For our Predictions Deep Dive, creative agency 20Something’s Will Thacker muses on what the future of 3D billboards looks like and how advertisers can continue to surprise people.
Six years on since Coca-Cola first debuted the concept and we’ve already seen the good, the bad and the meh in the world of 3D out-of-home (OOH).
The last few years surfaced a bumper crop, from the voluptuous rendered bubbles of the Air Max to an avalanche of Poké Balls, not to mention all the cats (why so many cats?).
The power of the medium is its ability to transcend its own sizable screen and travel to our own small screens as we like and share the latest in larger-than-life animations.
I question how many people actually do stand on the exact pinpoint spot to see the “real” anamorphic, as opposed to the sanitized filmed version we pass around on LinkedIn. Another curious quirk of this medium is that an execution can run just once, for five seconds in the middle of the night, on a screen no one can see, and then be passed around the world for millions to enjoy. The magic of 3D is that, for the moment, we’ve rekindled the concept of “event” advertising.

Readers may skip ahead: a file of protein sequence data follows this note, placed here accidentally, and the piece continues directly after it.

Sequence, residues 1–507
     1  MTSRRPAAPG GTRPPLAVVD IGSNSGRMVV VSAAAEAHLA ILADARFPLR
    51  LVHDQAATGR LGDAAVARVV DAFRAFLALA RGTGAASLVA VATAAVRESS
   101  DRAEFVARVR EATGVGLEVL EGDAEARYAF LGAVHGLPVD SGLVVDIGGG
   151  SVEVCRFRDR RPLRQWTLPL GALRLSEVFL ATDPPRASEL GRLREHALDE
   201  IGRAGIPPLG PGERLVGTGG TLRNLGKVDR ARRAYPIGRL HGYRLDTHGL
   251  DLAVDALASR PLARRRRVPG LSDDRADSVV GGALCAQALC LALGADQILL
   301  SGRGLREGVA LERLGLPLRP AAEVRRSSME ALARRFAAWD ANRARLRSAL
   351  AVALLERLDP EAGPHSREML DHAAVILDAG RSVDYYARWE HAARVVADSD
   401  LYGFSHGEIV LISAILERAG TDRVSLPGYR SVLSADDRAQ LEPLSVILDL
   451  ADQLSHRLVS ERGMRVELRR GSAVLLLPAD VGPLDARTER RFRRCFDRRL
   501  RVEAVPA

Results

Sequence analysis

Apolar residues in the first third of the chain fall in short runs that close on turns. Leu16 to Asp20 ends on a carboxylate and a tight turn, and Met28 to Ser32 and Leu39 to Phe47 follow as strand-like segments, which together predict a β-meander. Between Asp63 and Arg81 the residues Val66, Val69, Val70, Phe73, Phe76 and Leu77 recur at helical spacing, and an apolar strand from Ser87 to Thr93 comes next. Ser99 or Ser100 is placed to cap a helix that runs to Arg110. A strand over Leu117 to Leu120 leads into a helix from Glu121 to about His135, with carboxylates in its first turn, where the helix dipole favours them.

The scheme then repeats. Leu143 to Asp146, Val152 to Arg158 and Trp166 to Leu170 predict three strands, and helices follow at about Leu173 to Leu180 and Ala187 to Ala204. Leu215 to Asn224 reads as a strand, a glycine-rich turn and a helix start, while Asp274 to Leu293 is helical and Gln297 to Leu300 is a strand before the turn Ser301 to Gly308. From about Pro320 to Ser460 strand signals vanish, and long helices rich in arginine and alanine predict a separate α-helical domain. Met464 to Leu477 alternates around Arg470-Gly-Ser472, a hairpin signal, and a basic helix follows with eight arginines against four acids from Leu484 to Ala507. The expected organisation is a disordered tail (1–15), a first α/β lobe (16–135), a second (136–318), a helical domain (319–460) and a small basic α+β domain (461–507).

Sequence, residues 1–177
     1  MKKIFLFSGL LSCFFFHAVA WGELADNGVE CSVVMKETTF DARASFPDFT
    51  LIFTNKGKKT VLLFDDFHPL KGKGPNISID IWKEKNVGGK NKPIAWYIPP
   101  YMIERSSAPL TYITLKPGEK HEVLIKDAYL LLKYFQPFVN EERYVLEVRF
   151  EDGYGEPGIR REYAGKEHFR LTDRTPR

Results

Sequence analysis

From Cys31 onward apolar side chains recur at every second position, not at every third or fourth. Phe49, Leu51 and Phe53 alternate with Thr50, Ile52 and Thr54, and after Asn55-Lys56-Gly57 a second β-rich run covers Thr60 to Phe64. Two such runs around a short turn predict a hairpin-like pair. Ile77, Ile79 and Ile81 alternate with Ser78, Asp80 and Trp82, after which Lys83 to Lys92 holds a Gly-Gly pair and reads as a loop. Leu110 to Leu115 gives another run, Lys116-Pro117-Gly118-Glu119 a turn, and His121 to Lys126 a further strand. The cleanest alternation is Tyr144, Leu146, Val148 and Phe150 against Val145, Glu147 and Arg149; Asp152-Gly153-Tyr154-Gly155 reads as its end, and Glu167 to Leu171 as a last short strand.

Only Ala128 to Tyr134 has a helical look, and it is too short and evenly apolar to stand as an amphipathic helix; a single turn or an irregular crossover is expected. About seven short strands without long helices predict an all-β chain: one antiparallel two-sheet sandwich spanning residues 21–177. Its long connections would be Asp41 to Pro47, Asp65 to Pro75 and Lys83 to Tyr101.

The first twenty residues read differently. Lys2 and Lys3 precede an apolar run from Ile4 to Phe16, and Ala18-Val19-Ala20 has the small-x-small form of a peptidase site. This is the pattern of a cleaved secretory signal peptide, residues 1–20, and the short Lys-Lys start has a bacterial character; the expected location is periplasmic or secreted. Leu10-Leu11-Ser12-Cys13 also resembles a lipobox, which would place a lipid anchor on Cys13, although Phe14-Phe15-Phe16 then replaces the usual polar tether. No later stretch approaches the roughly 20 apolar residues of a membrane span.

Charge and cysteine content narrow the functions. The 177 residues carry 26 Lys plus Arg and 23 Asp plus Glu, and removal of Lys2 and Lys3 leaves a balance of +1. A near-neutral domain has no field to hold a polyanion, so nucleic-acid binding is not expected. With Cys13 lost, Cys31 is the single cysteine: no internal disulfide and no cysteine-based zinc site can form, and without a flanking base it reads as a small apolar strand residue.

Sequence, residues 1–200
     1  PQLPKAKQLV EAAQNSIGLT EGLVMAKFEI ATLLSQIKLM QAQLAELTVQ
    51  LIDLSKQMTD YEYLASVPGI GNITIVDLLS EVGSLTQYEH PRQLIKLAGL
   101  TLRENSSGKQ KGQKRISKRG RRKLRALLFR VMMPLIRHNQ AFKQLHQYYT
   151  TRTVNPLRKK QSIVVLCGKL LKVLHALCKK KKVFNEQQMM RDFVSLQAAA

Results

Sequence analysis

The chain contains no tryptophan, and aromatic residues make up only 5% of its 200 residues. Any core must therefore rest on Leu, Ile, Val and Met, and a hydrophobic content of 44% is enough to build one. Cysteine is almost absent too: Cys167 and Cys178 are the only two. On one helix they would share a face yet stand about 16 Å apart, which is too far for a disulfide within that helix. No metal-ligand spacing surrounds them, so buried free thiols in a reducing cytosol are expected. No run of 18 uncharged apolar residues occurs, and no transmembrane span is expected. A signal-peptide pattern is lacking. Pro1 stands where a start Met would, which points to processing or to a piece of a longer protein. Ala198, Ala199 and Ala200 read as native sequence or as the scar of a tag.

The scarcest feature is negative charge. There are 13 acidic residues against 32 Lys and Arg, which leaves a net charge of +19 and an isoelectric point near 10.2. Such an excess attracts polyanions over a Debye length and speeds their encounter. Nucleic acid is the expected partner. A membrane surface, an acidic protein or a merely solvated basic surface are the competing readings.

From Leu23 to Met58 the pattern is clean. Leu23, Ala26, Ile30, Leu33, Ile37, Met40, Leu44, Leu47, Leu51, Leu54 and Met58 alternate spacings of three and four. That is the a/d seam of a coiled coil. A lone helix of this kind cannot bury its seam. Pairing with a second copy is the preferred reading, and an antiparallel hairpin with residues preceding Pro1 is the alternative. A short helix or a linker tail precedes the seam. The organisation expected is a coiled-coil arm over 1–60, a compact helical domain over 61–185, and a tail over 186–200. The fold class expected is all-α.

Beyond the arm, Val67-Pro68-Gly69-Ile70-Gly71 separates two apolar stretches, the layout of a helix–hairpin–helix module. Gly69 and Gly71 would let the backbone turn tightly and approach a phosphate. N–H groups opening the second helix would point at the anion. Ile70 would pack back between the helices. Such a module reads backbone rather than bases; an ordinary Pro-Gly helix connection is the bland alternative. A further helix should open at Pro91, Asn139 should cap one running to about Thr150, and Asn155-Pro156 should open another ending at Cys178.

One thing’s for sure, the development of the medium is unleashing a burst of creativity in what some people have termed the “phygital” space. As usual, luxury fashion brands are leading the charge but brands across the spectrum are becoming more comfortable with flexing their biceps in the space. We’re seeing more entertaining, narrative-led visual wonders emerge – like Louis Vuitton’s technicolor Yayoi Kusama, wearing a pumpkin and peering over the streets of Tokyo’s Shinjuku district.
But what’s next for 3D anamorphic billboard? For a medium that relies on shareability for its cost efficiency, how do we keep the outputs fresh and the eyeballs interested?
The answer lies in blowing up the format. Shake off the shackles of the word “poster” and reframe the opportunity. These spaces and ideas have the potential to stretch across experiential activation, immersive experiences, branded content, trial mechanics and personalization. Soon we will be able to step inside and “try on” digital assets before we buy them. And it won’t be long until the format is not just on the big screens of big cities but it will be on the train, on the street or on a trusty bus-stop six-sheet. Perhaps one day we will be able to get to a level of personalization where I see something different to you or perhaps you can interact with me through the medium.
The most successful attempts will continue to blur the lines between art, entertainment and advertising. The least successful will crowbar 3D elements into bland sales messages – choose your Subway sandwich, anyone? We would do well to remember that we’re not just interrupting people’s lives; thanks to 3D, we’re now also invading their space, so we need to make it worth their while.